After skipping the easter weekend to go snowboarding in Chamonix, I'll continue the EJAPP Top 10 countdown with number 4. Badly performing libraries are a problem that occurs more often than one would expect. This issue is somewhat similar to the incorrect usage of Java EE in that not enough care is taken in selecting and using a certain technology. Some development teams will happily pile JAR after JAR into their WEB-INF/lib directory or into their POM file, :
- without checking whether that library is really needed (and does not overlap with functionality already offered by other libraries used),
- without checking whether that library can offer good performance or whether a better performing alternative is available,
- without reading the documentation to see how it should properly be used, and
- without defining how the library is going to be used within the application
Examples here are:
- BEA's implementation of the STaX API that is more than two times slower than some of its competitors.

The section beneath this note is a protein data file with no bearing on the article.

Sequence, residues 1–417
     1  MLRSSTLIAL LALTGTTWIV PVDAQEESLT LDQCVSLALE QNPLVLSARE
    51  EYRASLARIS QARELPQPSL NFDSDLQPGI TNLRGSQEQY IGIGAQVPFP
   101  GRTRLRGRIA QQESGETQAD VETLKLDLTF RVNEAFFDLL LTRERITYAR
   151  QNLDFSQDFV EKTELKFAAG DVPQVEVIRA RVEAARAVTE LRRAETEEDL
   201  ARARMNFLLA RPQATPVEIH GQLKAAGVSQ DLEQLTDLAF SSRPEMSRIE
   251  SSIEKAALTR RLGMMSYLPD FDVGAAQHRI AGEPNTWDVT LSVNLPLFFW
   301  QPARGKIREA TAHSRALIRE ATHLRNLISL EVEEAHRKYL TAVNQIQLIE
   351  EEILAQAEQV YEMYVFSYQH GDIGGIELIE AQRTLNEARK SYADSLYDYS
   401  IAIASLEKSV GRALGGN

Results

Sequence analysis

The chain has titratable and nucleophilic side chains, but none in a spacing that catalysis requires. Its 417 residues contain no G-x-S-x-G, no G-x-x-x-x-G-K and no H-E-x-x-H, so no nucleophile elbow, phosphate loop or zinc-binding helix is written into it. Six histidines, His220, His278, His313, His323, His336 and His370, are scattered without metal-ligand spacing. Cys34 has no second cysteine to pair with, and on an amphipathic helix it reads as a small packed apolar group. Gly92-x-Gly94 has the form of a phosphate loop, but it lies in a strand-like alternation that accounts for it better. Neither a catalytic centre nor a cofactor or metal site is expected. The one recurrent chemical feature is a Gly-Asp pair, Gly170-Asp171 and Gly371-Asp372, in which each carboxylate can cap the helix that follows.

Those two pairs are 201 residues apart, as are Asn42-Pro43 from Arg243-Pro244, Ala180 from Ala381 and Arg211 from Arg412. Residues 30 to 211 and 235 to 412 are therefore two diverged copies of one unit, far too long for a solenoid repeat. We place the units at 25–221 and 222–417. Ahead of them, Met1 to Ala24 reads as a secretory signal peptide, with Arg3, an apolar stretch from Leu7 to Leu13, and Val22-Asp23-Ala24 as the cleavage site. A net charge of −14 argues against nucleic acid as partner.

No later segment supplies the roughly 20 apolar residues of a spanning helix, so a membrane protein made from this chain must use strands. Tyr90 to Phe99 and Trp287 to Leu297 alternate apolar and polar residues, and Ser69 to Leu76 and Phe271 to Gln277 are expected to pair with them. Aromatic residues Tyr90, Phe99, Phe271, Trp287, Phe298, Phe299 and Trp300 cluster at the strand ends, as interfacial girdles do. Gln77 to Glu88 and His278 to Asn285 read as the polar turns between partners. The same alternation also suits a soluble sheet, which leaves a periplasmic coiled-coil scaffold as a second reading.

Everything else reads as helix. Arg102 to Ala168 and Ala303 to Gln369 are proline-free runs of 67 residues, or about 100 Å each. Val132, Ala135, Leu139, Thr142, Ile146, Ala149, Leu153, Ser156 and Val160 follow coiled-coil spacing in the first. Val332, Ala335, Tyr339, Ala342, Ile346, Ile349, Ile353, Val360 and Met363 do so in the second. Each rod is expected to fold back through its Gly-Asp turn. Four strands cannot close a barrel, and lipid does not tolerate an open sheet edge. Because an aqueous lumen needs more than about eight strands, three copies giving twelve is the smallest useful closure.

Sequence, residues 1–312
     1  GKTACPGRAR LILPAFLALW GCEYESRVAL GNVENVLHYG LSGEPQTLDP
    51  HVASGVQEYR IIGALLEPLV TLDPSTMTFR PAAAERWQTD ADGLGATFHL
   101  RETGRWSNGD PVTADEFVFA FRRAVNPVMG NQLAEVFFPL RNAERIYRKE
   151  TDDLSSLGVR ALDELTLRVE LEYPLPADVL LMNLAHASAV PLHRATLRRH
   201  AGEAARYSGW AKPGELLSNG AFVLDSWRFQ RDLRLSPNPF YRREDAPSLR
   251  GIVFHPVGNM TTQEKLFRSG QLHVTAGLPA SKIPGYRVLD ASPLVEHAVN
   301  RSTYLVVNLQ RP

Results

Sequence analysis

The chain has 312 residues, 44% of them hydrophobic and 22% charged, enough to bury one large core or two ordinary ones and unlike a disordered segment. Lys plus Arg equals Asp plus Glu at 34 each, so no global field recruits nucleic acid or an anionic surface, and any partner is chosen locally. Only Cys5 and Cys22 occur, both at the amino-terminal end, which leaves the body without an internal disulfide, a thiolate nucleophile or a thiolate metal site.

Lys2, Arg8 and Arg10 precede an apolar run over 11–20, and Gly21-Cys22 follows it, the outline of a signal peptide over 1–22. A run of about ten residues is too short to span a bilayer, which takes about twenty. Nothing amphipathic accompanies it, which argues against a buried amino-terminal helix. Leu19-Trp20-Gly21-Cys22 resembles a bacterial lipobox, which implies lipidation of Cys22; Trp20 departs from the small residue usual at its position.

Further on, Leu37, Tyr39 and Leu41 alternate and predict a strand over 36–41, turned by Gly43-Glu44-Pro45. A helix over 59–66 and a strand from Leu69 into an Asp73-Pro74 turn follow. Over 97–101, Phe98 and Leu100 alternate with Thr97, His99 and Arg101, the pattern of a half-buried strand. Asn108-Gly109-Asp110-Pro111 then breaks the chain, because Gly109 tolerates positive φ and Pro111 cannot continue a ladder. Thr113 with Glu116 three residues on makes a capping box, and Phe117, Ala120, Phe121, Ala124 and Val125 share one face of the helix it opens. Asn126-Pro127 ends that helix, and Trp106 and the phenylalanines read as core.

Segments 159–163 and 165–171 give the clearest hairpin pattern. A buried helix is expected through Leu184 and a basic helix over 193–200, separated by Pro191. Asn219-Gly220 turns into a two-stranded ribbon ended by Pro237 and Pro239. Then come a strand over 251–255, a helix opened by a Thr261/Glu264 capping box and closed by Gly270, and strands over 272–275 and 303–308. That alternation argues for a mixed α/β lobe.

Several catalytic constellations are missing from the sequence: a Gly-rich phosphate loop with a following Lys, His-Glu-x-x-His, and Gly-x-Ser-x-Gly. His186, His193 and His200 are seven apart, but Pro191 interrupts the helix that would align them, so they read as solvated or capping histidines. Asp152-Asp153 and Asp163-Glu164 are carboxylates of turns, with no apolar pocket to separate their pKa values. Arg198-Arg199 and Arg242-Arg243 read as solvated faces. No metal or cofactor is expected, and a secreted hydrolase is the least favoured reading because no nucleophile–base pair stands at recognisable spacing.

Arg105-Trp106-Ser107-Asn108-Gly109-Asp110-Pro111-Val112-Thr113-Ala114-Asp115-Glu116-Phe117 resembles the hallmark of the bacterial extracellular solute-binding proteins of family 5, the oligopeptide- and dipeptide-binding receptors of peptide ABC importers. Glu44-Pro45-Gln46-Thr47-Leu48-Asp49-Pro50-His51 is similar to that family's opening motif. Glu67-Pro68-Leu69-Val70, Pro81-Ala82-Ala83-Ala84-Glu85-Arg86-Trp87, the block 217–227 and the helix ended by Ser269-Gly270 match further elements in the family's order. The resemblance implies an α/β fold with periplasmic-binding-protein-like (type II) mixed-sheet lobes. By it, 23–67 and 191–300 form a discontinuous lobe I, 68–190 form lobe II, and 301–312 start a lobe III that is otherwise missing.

- java.net.URLEncoder that is outperformed up to 90 times (!) by org.apache.commons.codec.net.URLCodec in multi threaded applications (= all web applications).
- Earlier versions of JAMon had bad performance due to repeated allocations of DateFormat and NumberFormat. Ironically, JAMon is a tool to monitor the performance of your application. ;-)
Even worse, some development teams will write their own frameworks and libraries where existing ones already exist that offer (nearly) the same functionality and (usually) better performance. Apart from the initial inferior performance, these libraries and frameworks do not evolve as rapidly as existing (free) libraries in terms of performance (and functionality and security and ...). As Linus says: Many eyes make all bugs shallow. Unfortunately, I can't give any examples here as those frameworks are, by definition, proprietary. In any case, to prevent these kinds of problems, follow these steps when some functionality is needed :
- Check libraries already used in the project for the functionality.
- Check existing (free) libraries for the functionality.
- Only when an existing library cannot be found, implement the functionality yourself. Consider releasing it as free software; the community will benefit and may even offer additional functionality, performance improvements, security fixes, etc.
- Verify that the selected library can offer the required performance.
- Read the documentation, newsgroups and forums about proper usage of the library.
And only then use an existing library or build your own.